This document, Pacific Partners 2017, is the third update on the ties between the U.S. and Japan, and is compiled by the U.S.-Japan Business Council. For this update, the growing exports of Japanese owned U.S. plants is but one of the highlights worth noting.
Japan is the 4th largest trading relationship for the U.S. behind the NAFTA countries and China, with U.S. companies and agricultural producers exporting more than $100 billion in goods ($63 billion in 2016) and services ($44 billion in 2015) to Japan annually.
For many U.S. companies, including USJBC members, Japan is the most important market outside of North America. Japanese consumers often manage health risks with U.S.-branded pharmaceuticals, medical devices or insurance products. U.S. pork, beef and grain producers ship from the American heartland to Japan every day. Japanese multinationals manage huge global operations with the help of U.S.-made software. The Japanese government, meanwhile, is a big buyer of U.S. weaponry and other hardware for its national defense. Today, any given Japanese corporation seeking advice on crossborder mergers or capital markets will turn to Wall Street as often as a Japanese bank.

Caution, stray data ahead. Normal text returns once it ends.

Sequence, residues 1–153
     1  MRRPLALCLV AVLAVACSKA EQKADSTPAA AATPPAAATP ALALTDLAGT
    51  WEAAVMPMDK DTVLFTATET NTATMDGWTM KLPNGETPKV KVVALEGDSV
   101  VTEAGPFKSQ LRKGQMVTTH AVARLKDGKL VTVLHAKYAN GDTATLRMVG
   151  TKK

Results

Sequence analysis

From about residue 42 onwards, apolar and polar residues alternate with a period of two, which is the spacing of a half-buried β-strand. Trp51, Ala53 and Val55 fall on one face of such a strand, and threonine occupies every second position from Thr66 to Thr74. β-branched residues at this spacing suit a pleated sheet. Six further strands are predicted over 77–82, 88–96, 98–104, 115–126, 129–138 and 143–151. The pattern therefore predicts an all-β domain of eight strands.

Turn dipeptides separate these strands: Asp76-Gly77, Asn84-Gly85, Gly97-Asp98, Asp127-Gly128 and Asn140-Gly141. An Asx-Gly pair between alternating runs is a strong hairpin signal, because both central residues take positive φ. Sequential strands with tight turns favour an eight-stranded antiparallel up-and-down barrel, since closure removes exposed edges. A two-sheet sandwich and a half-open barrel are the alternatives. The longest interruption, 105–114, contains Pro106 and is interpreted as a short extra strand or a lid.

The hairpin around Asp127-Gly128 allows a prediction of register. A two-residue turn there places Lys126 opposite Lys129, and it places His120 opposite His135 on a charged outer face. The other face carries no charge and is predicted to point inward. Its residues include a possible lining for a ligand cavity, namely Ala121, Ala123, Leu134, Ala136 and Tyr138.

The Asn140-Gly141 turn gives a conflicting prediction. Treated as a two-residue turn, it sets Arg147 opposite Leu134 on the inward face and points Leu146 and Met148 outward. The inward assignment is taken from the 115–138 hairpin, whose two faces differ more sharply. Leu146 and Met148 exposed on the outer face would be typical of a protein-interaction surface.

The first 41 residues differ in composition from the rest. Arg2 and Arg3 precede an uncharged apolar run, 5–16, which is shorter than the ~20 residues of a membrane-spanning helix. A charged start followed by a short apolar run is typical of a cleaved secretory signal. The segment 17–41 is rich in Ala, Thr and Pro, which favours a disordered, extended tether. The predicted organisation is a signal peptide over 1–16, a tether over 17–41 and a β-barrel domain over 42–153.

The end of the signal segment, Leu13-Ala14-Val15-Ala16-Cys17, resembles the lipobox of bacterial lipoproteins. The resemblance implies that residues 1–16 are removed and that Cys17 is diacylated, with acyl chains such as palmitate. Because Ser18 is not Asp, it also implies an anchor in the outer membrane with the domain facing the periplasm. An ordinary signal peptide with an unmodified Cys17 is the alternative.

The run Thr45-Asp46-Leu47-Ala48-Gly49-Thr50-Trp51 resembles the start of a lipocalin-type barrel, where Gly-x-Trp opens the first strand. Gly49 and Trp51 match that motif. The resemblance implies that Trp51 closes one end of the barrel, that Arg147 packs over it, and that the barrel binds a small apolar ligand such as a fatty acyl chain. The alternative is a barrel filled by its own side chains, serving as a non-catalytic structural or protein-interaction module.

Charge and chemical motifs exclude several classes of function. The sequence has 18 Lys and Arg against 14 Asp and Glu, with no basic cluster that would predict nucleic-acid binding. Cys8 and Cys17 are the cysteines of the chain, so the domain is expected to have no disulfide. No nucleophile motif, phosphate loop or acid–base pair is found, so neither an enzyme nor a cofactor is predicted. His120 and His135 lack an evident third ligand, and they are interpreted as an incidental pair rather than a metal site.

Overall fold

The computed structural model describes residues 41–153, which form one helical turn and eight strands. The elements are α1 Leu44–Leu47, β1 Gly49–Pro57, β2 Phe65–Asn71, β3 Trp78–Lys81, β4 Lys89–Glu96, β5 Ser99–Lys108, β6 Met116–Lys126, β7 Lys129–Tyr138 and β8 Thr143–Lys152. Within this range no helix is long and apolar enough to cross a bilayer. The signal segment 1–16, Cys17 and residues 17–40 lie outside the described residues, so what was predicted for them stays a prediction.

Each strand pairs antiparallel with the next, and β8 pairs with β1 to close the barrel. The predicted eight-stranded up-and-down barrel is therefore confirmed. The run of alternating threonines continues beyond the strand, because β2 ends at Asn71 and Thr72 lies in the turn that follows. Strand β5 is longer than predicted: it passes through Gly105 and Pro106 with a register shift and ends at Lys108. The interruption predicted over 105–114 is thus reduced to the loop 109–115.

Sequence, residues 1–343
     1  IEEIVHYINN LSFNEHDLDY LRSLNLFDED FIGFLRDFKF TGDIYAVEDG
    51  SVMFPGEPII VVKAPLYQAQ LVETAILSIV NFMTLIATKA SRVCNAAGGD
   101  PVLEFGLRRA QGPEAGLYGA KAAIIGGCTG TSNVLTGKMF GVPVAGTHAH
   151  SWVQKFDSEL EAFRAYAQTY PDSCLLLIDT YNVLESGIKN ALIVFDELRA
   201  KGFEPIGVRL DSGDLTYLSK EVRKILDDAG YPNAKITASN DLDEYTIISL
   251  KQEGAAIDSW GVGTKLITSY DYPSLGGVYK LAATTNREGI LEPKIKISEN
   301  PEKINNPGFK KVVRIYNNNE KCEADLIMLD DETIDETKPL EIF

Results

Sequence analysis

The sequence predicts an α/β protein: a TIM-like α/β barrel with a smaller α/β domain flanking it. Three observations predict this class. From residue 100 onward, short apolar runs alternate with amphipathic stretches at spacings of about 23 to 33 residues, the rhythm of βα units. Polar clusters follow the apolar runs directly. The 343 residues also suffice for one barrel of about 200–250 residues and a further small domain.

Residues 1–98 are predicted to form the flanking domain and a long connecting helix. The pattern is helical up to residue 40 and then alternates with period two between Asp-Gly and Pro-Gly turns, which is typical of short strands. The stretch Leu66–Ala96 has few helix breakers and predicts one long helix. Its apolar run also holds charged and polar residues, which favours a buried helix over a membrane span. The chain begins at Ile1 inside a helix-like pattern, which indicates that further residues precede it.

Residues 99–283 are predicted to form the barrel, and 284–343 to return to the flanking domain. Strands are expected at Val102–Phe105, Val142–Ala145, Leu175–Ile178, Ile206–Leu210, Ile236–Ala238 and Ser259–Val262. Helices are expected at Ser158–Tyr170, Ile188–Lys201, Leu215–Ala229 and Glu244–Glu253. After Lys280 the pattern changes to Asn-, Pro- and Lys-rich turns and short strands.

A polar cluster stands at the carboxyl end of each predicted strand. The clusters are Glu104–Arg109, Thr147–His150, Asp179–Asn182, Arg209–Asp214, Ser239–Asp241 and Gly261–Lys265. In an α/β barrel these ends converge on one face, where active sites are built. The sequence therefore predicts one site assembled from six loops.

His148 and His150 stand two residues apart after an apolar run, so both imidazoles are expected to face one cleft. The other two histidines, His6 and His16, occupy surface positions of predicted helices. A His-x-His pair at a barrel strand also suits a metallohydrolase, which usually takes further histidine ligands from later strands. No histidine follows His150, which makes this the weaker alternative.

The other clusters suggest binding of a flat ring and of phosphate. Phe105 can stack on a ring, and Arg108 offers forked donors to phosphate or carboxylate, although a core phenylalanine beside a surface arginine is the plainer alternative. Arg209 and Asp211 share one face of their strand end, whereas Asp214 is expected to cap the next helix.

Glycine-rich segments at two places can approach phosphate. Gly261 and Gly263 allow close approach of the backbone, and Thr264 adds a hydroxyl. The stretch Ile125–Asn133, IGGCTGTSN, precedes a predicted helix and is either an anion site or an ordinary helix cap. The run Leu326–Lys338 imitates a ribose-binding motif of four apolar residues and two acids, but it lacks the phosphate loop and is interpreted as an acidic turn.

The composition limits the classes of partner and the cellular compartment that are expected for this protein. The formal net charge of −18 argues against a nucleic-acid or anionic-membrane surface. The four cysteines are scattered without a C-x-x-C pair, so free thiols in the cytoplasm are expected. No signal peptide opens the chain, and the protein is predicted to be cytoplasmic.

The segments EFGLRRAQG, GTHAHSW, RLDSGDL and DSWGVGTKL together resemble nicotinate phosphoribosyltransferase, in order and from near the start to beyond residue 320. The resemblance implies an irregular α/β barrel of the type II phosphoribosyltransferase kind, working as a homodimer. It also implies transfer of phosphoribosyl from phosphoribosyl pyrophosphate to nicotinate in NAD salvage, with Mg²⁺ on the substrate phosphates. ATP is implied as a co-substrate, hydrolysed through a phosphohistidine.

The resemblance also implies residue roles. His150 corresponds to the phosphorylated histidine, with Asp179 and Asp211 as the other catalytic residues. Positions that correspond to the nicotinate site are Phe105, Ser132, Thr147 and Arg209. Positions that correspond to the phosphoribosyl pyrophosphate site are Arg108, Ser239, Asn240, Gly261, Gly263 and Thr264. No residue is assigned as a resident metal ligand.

In short, the economic relationship with Japan today is far less contentious than it has been in the past. This is in part because so many Americans are now employed by Japanese companies. Japan’s cumulative investment of $411 billion in the U.S. has resulted in direct employment of roughly 840,000 high quality jobs, paying average compensation of more than $80,000.
Trade deficits are coming under scrutiny, and as such, it is natural to examine the U.S. deficit with Japan. Overall, the U.S. deficit is driven by the goods trade, the bulk of which is from manufactured goods. More than half the U.S. goods deficit stems from vehicles, or the auto parts Japan ships to supply its web of production facilities across the U.S.; Japanese car makers in 2016 assembled 3.9 million vehicles in the U.S., up from 300,000 in 1985. Of the Japanese branded cars sold in the U.S., roughly 75% are produced in North America, according to the Japanese government.
Yet the U.S. also accumulated large surpluses with Japan in services ($15 billion in 2015) and in agriculture ($11 billion in 2016). Meantime, the U.S. goods deficit is not growing, in part because Japanese auto makers increasingly supply U.S. production locally. Cars.com, a popular auto marketing website, placed five Japanese branded vehicles at the top of its annual American-Made Index for 2016, a measure of local content.